In the Matter of the Appeal of:


15901 Olden Street

Sylmar, CA 91342

����������������������������� Employer



Docket No.




The Occupational Safety and Health Appeals Board (Board), acting pursuant to authority vested in it by the California Labor Code and having granted the petition for reconsideration filed in the above entitled matter by Tutor-Saliba Corporation (Employer), makes the following decision after reconsideration.


On February 25, 1998, a representative of the Division of Occupational Safety and Health (the Division) conducted an inspection at a place of employment maintained by Employer at 4748 Hollywood Boulevard, Los Angeles, California (the site).

On March 25, 1998, the Division issued to Employer Citation No. 1, alleging a general violation of section 5048(j) [synthetic web sling storage] of the occupational safety and health standards and orders found in Title 8, California Code of Regulations1 and proposing a civil penalty of $210.

Employer filed a timely appeal contesting the existence of the alleged violation and the reasonableness of the proposed penalty.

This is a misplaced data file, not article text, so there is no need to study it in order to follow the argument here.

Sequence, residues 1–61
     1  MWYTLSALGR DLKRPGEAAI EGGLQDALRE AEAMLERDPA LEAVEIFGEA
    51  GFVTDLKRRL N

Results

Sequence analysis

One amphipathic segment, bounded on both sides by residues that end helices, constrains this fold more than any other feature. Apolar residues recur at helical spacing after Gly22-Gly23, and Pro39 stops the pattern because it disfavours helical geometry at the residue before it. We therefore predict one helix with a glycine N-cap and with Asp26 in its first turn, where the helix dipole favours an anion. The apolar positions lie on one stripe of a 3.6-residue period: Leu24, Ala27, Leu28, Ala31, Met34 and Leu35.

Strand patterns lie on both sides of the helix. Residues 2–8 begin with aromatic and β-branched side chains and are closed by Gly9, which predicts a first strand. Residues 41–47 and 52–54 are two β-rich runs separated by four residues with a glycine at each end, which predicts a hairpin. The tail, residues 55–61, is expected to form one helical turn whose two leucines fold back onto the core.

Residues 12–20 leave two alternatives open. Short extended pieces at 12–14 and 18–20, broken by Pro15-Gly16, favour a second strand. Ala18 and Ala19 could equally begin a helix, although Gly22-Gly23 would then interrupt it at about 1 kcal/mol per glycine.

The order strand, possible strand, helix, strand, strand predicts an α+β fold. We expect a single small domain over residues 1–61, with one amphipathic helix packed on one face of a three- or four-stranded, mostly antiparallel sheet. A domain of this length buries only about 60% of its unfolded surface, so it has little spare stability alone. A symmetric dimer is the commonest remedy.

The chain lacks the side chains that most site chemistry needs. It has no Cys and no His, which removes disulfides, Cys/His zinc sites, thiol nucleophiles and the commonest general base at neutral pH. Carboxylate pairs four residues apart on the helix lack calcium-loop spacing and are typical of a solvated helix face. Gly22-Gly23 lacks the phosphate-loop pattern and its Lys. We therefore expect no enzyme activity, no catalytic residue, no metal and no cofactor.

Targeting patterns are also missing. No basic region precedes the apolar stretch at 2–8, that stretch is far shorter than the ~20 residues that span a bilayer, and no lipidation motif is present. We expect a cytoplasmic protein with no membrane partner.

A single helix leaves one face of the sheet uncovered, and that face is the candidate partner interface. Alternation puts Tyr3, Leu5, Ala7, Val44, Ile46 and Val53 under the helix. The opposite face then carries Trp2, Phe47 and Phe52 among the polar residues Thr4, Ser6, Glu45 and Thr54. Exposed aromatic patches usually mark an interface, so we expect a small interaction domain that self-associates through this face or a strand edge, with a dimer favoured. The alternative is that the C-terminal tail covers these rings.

On January 5, 1999, a hearing was held before Jack L. Hesson an Administrative Law Judge (ALJ) of the Board, in Los Angeles, California. David Watts, Corporate Safety Director, represented Employer. Hank Rivera, Compliance Engineer, represented the Division. The matter was submitted and a decision was issued denying Employer's appeal on February 5, 1999.

Employer filed a timely petition for reconsideration on March 5, 1999. The Division filed an answer and the Board granted Employer's petition on April 17, 1999.


Division Investigator Mitchell McKibbin conducted an inspection at the site during which he observed a synthetic web sling hanging on a fence. He testified that the sling was exposed to direct sunlight in violation of section 5048(j) and that direct sunlight makes slings brittle and hazardous to use. When McKibbin asked the crane operator where the sling was normally stored the operator motioned to the fence where the sling had been observed. The sling was 20 feet long and 4 inches wide and appeared to be in good condition.